The ruins of Bagan sustained quake damage in 1975 as well, and a large number of structures had been restored or rebuilt thereafter. As a result of the current inspections, however, it was discovered that much of the damage from this earthquake was concentrated on the newly reconstructed parts or the boundaries between the newly repaired parts and old parts, such as a tower of the upper part of a building. Moreover, deformation or cracks existing in vaults, walls or podiums owing to age are believed to have been aggravated by the earthquake. Meanwhile, thanks in part to prompt actions by local residents and volunteers under the leadership of local authorities, emergency protective measures appear to have been taken in an expeditious manner.
With an eye toward subsequent restoration, we must identify the cause and mechanisms of damage by not only conducting further inspection but also discussing the technical and philosophical issues that are common to the conservation of brick architectural heritages in earthquake-prone regions, such as how to reinforce a structure, melding of traditional techniques and modern counterparts, and the validity of reconstructing damaged parts.
Artifacts in the Palmyra Museum destroyed by IS (photograph donated by Dr. Robert Zukowski)
In the Middle Eastern country of Syria, a massive civil uprising calling for democratization occurred in March 2011 and developed into a civil war that has already lasted five years. Casualties in the nation have topped 250 thousand while more than 4.8 million citizens have fled the country as refugees.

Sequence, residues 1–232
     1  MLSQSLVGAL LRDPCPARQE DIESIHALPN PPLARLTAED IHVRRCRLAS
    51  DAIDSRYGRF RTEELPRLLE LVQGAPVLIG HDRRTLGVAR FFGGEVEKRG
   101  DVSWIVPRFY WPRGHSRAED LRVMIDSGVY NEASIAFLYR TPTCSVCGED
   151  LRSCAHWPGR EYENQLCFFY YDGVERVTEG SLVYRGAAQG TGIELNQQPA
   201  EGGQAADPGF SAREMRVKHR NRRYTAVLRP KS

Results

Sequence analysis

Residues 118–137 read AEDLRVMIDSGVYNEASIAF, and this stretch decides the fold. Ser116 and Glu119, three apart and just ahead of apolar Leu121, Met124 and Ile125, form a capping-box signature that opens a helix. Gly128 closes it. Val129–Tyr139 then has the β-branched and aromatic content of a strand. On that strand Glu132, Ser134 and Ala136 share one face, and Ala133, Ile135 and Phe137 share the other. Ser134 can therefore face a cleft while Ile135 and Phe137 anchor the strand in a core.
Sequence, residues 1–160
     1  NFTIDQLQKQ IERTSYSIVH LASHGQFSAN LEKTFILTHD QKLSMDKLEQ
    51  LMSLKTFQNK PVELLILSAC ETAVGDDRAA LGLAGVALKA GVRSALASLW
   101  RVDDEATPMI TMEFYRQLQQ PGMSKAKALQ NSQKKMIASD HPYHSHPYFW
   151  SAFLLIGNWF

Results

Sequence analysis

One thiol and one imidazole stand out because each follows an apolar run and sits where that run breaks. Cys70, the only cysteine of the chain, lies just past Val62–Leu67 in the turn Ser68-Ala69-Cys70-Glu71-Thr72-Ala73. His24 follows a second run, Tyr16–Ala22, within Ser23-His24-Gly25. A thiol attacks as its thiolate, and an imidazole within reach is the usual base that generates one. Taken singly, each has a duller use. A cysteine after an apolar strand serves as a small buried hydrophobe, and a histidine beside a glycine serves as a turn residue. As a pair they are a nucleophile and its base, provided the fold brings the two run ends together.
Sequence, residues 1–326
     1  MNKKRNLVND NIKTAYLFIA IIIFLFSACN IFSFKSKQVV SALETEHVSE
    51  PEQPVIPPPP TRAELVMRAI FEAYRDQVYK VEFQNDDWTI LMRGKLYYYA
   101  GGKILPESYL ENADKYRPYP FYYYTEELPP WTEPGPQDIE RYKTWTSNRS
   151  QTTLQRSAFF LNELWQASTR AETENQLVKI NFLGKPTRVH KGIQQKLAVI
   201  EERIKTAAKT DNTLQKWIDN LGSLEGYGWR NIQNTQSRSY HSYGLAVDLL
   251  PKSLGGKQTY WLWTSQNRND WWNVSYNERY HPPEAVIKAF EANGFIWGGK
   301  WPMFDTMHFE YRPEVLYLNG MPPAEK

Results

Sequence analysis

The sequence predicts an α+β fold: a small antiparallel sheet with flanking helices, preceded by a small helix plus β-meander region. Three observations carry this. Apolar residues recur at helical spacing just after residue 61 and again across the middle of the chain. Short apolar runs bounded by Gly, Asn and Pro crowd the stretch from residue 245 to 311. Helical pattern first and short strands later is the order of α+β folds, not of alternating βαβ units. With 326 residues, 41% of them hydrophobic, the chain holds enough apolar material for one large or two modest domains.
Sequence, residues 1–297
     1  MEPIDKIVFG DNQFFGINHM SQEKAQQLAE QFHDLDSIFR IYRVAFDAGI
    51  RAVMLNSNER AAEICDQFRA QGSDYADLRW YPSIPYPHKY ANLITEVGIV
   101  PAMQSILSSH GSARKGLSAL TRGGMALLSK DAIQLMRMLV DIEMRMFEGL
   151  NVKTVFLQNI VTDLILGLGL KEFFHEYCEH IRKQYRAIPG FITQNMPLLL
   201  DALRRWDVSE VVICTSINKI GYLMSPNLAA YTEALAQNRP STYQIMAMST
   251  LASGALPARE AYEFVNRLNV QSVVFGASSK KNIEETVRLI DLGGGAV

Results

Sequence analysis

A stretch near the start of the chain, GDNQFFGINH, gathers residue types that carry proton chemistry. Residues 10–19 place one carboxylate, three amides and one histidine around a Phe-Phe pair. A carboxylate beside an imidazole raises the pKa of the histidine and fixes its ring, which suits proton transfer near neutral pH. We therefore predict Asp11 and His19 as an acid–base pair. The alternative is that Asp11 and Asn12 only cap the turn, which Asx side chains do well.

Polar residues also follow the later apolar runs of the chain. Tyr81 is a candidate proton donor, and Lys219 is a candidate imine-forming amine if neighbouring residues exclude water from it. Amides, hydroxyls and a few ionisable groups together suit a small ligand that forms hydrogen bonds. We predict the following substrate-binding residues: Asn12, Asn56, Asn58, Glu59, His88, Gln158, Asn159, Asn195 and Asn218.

Because of this state of civil warfare in Syria, valuable cultural assets have suffered damage as well, which has been reported as major news stories internationally. Of particular note is that reports of damage wrought on Palmyra by Islamic State (IS) militants from August 2015 through October last year made headlines and drew public attention also in Japan.
The Tokyo National Research Institute for Cultural Properties (TNRICP) cohosted the symposium titled “The Syrian Civil War and Cultural Heritage – The Actual State of the World Heritage Site at Palmyra and International Support for Its Reconstruction” with the Agency for Cultural Affairs, the Nara National Research Institute for Cultural Properties, and the Cultural Heritage Protection Cooperation Office, Asia-Pacific Cultural Centre for UNESCO at the Tokyo National Museum and Todaiji Temple’s Kinsho Hall on November 20th and 23rd, 2016, respectively.
The ruins of Palmyra had been controlled by the IS since May 2015 and they were recaptured by the Syrian government forces in March 2016. Polish and Syrian researchers conducted field surveys at the site in April. They recorded the state of damage wrought on the ruins in the region and the Palmyra Museum, and provided preliminary aid to damaged artifacts of the museum and transported them to Damascus promptly.
At this symposium, Polish and Syrian researchers who witnessed the graphic situation at the site, experts from both home and abroad, and UNESCO staff got together and discussed what type of support would be effective with a view to reconstructing damaged cultural heritages in Syria, including the devastated ruins of Palmyra.